“I’ll be an artist when I grow up.”
As a kid this felt undeniably true. I vividly remember sitting in the hallway in 5th grade. The teacher had given me the “special project” to make the bulletin board ready for winter. I carefully hand-painted each letter to look as though it was snow capped from a flurry the night before. My first decent drawing of a person was Florence Griffith Joyner, trying to get every muscle just right as she sprinted down the track. But the hands. Why is it so hard to draw hands!?! I think we probably could have made a photocopy from a book and passed, but I knew my written report wouldn’t be that great, so an illustration would help set me apart.
The art nerd
I wasn’t a gifted student, only average in the academics category, not a great reader, and slightly below-average in athletics. Never liked the idea of two-a-days for the high school soccer team so I stuck to club teams. Drama in middle school and choir in high school. So you’re getting a picture. A tall, lanky, art and music nerd that played soccer mostly because his friends did.
The art department
Fast forward to my 20th birthday and I’ve just married my high school sweetheart (14 years later, best decision ever!) and stayed in my hometown to go to the local state college Fine Arts program. The graphic design program was brand spanking new and its the dawn of the Mac G4. Our school had an entire room full of them! Still OS9, with lots of grey buttons, but a TON of semi-translucent color on that tower.
I loved that art department. Surrounded by creative people dedicating their lives to making. Ceramics, 3D, life-drawing, and basic computer graphics courses were food for my soul. I flunked the first class in my life, photography. I could blame the broken camera that took me most of the semester to fix, but in reality, I used that broken Olympus as an excuse to skip class. This was probably the first time I had failed. Previously, I had always managed to talk my way out of moments like this.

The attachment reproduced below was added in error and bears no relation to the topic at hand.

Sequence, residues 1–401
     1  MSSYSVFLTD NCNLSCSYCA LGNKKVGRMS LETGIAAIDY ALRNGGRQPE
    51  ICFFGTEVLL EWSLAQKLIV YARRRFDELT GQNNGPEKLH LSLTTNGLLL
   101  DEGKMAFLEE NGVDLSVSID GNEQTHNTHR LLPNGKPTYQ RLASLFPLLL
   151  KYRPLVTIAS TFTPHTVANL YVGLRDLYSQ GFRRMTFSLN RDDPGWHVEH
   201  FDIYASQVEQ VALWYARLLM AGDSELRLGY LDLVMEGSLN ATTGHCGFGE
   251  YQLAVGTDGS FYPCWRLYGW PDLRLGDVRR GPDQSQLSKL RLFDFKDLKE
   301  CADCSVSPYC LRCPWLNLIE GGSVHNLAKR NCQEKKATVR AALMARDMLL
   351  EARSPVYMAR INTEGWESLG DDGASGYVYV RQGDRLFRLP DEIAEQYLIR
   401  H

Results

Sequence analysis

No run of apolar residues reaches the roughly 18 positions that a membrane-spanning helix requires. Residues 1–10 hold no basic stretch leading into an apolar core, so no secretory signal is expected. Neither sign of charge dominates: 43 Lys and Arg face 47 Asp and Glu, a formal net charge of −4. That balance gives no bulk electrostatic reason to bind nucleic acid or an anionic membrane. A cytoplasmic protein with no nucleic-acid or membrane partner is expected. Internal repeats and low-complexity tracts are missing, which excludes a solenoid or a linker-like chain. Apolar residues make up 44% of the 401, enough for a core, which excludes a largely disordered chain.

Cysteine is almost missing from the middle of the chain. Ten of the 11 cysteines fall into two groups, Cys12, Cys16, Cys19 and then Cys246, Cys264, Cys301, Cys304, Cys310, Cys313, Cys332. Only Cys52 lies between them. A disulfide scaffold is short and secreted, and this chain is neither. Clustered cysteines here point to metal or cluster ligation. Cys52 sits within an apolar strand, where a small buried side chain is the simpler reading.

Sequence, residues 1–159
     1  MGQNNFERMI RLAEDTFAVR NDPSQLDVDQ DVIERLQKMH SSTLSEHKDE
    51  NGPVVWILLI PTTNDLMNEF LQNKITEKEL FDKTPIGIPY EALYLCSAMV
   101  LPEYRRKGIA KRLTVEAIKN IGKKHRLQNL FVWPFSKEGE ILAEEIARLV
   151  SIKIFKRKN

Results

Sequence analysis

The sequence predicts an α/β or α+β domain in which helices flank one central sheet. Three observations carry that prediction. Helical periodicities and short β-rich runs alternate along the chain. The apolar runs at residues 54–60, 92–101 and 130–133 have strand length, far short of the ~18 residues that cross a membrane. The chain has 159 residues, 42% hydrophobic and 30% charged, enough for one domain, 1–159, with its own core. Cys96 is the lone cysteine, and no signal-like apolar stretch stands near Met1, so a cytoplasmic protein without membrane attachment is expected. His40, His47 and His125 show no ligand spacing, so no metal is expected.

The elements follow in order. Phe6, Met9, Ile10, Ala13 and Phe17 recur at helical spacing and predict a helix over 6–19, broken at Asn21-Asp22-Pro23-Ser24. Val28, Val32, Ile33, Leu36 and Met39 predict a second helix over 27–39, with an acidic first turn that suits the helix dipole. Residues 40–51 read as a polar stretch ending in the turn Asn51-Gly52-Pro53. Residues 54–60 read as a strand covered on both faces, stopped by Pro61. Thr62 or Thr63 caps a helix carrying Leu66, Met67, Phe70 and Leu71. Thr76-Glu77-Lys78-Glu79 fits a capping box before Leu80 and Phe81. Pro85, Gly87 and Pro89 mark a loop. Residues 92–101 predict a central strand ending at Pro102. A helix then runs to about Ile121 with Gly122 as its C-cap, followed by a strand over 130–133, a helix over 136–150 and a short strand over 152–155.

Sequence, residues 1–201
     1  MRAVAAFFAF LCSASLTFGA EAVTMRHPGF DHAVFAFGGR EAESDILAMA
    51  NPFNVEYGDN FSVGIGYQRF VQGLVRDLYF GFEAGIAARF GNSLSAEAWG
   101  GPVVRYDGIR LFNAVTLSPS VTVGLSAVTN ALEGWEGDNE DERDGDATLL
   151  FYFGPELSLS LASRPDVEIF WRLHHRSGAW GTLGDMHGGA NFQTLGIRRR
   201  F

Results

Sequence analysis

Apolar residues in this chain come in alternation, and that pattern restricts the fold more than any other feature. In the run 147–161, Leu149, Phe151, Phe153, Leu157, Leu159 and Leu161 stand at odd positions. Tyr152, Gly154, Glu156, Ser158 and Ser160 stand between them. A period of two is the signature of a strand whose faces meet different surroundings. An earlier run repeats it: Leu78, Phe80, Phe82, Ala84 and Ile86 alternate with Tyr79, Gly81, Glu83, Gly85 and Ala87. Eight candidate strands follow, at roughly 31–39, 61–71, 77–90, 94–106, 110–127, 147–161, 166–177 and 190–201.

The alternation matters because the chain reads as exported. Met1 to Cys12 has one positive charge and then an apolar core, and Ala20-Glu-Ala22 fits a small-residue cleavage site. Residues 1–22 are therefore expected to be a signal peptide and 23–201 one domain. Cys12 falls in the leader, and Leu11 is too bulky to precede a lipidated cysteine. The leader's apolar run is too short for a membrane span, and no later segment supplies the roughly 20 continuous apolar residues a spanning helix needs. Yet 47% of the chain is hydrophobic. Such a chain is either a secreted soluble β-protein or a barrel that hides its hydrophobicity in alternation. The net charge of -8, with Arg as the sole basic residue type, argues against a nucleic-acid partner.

Give me a relationship any day
I found most classes not only boring, but without the aid of a relationship or a creative experiment, I just wouldn’t go. My English lit class, freshman year, is a perfect example. I had purchased a 100-year-old house to flip before I got married (a story for another post). I rarely went to class at 8 am. We were to read six books that semester. I had read one and did “ok” on the test. A few weeks before the end of the semester I went to my professor. I explained I’d been flipping a house and had missed class, realizing I was very behind. He asked about the work I’d done on the place and bingo! We found a common relationship point. The conversation lasted longer than I had planned, but it was worth it. “Read this book,” his book, “and write a ten-page paper reviewing it. I’ll base your semester grade on this.” I read the book, which was something about Native Americans. I wrote the paper, and I did mention that I had a super smart wife? She proofed it, as in nearly rewrote it, and I passed the class with a low B. Yet, it was my ability to bond a relationship that moved me through a class I had zero interest in.
I’ve always been willing to think outside the box. Take a science project back in elementary school.
Task: build a simple machine to move a vehicle across the gym.
The suggested machine was a rubber band wrapped around a large wheel with an arm that extended and pushed the object consistently across the room. My vehicle? A four-wheeled box, with a giant balloon attached. At the starting line I looked like a champion until my balloon puffed all the air out, shooting the car probably only a couple yards out, while the suggested rubber band design smoothly rolled a wheel all the way across the gym. Failure. Yet, I was willing to try the idea differently.